The year the world turned upside down
By: Rachel Marsden
Looking back on 2015, it can be remembered as a year in which conventional
wisdom and expectations were inverted on an astounding number of fronts.
THE RISE OF THE POLITICAL OUTSIDER: People are so fed up with the establishment that Republican presidential front-runner Donald Trump has been able to maintain a wide lead by ripping up the traditional Washington playbook. This phenomenon will last as long as people aren't beholden to the kind of fear that makes them reach for a more conventional security blanket.
PERENNIAL OIL BOOM GOES BUST: For decades it was the easiest way for a country to get (and stay) rich: Drill holes in the ground and watch liquid cash shoot out of them. Although oil prices had already dropped at the start of the year, they continued to fall and have now sunk to less than $40 a barrel. Major oil producers such as the U.S., Canada, Russia, the United Arab Emirates, Qatar and Saudi Arabia have been forced to quickly adapt to the new reality or face economic hardship.
Some of these countries have squirreled away reserves from boom times to either coast on the savings or invest in other sectors that can grow enough to recoup lost revenues over the long haul. The more hands-off a government is with respect to business in general, the more that country's oil industry and the ecosystem that it feeds will be forced bear the burden of adaptation. Forbes estimates that the collapse in oil prices has already meant the loss of 200,000 jobs in the oil industry worldwide. In Canada, the cost has already been passed along to consumers at the pumps.
SELF-PRESERVATION IS NOW CALLED SELF-DESTRUCTION: For some people, civilization cannot possibly do enough to weaken itself against insidious threats that would tear it apart from the inside. Billionaire George Soros, founder of the Open Society Foundations, is apparently one such individual. Soros wrote recently in an op-ed for The Guardian: "Open societies are always endangered. This is especially true of America and Europe today, as a result of the terrorist attacks in Paris and elsewhere, and the way that America and Europe, particularly France, have reacted to them."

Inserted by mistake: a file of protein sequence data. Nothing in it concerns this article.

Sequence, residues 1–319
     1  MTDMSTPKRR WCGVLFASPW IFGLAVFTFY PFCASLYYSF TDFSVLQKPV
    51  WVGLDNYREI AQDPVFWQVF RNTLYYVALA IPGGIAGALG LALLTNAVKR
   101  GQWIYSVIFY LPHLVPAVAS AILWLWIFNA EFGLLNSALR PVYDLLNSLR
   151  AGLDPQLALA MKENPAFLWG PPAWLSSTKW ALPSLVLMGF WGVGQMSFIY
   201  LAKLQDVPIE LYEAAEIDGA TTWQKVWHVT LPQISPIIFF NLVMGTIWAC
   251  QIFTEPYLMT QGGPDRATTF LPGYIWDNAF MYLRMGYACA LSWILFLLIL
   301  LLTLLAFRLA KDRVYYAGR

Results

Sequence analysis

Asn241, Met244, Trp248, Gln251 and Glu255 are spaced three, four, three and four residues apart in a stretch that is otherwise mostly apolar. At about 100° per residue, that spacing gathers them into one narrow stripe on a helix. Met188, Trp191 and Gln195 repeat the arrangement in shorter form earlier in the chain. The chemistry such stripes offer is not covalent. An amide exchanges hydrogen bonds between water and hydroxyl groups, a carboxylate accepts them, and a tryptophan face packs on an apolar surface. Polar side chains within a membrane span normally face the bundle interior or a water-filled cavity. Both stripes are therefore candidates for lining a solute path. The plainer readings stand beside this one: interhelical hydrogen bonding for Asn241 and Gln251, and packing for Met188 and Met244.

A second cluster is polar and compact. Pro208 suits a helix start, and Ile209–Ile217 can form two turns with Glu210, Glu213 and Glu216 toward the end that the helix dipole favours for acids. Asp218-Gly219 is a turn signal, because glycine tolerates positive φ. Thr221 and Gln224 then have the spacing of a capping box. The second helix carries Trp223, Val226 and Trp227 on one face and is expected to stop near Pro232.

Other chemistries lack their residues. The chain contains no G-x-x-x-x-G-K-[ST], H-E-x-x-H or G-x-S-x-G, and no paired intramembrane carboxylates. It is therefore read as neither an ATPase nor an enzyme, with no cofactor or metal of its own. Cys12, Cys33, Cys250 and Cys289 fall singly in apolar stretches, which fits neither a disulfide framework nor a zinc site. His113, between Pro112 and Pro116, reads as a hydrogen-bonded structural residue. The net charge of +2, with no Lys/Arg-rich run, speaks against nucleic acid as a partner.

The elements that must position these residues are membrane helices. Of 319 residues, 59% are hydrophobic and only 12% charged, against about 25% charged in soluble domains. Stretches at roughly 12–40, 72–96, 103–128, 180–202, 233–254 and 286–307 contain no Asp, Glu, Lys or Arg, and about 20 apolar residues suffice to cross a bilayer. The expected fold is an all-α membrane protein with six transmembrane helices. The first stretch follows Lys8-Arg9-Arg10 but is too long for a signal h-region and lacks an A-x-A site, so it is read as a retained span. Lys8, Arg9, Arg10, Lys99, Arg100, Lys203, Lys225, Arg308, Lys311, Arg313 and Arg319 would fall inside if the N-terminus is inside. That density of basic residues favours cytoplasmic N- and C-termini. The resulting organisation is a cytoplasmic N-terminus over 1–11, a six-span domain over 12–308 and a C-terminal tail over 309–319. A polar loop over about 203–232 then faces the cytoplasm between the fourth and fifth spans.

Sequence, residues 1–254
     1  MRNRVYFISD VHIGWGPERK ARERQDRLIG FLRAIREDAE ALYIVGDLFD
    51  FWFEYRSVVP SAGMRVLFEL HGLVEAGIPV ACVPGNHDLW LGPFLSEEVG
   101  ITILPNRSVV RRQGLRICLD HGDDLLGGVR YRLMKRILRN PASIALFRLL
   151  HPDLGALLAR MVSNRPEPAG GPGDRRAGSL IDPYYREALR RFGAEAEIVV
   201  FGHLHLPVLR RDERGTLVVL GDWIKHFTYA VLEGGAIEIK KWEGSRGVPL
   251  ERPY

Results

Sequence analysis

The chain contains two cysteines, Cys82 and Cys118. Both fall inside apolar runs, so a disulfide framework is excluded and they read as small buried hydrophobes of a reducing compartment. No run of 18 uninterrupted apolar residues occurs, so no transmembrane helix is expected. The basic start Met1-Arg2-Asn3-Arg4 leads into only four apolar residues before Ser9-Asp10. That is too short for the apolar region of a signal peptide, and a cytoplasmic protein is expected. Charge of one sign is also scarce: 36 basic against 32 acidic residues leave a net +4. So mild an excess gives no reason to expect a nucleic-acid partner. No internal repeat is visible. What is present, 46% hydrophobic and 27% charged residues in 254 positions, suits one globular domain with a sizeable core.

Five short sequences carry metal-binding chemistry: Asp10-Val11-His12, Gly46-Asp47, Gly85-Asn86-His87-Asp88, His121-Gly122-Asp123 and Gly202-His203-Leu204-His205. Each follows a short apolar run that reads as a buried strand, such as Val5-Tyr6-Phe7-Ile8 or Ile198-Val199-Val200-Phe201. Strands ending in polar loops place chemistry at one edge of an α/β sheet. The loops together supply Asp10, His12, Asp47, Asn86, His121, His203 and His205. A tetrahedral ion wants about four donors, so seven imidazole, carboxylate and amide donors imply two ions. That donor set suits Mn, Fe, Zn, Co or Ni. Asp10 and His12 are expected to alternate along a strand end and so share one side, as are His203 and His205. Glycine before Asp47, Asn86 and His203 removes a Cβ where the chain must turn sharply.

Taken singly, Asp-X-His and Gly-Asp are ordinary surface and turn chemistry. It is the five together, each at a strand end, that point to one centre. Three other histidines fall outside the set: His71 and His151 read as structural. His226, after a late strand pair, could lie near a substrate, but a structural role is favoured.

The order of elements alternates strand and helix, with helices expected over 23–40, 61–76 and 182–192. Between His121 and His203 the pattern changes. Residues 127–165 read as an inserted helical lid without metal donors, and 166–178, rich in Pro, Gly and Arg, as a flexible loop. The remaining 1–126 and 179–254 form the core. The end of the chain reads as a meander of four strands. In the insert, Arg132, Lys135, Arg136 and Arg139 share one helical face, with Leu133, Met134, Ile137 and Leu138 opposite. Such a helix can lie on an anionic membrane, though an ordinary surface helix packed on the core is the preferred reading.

As someone who lives in Paris only a few miles from the site of the November terror attacks that killed at least 130 people and injured hundreds more, I see the reaction of the French government as being extremely conservative. It has finally re-established controls at its borders, and it has explored the possibility of limiting or monitoring the movement of those identified as imminent terrorist threats.
An "open society" that includes overly lax immigration policies and unenforced borders is what led to Europe's current state of insecurity. Russian authorities have rejected such advocacy, with the Russian Prosecutor General's Office officially proclaiming the Open Society Foundations a threat to the foundations of Russia's constitutional order and national security, banning Russian citizens and organizations from participation in Open Society projects. Remember when it was the Russians, not the think tanks, who were unreasonable?
PUNISHING THOSE WHO ARE FIGHTING OUR ENEMIES: U.S. Secretary of State John Kerry announced this week that Russia has seized 12.5 tons of Iran's enriched uranium, in accordance with the nuclear agreement struck earlier this year. Meanwhile, Kerry is two-facing the country that's conducting the most effective airstrikes against the Islamic State by telling Ukrainian President Petro Poroshenko in an early-December phone call that economic sanctions against Russia will be maintained, according to Poroshenko's press service.
IRAN OPENS FOR BUSINESS TO THE WEST: After years of negotiations, the U.S. and other Western nations decided that the best way to manage Iran would be up close, by engaging them economically. "Death to America" has been reduced to little more than theater. As former CIA Director of Operations Jack Devine recently told me, if Iran's supreme leader, Ayatollah Ali Khamenei, didn't want the deal, it wouldn't have happened.
RUSSIA BECOMES THE WATCHDOG AGAINST 'CREEPING ISLAMIZATION': Having already been proven right about the war in Syria giving rise to more terrorists, Russian President Vladimir Putin made a reference at his year-end press conference in Moscow to "creeping Islamization that would have made (founding Turkish President Mustafa Kemal) Ataturk turn over in his own grave." Putin also questioned Turkey's position in the fight against the Islamic State: "I am not saying if it is bad or good, but I admit that the current Turkish leaders have decided to let the Americans and Europeans know: Yes, we are Islamizing our country, but we are modern and civilized Islamists. Remember, what President Reagan said about (former Nicaragua dictator Anastasio) Somoza in his time: 'Somoza may be a son of a bitch, but he is our son of a bitch.' Just keep it in mind, 'we are Islamists, but we are on your side, we are your Islamists.'"
It's been a bad year for those with unwavering expectations and an uncompromising worldview. Such people may be ringing in the New Year with a cognitive dissonance hangover. Being open to surfing the shifting sands isn't a bad resolution to make heading into 2016.
COPYRIGHT 2015 RACHEL MARSDEN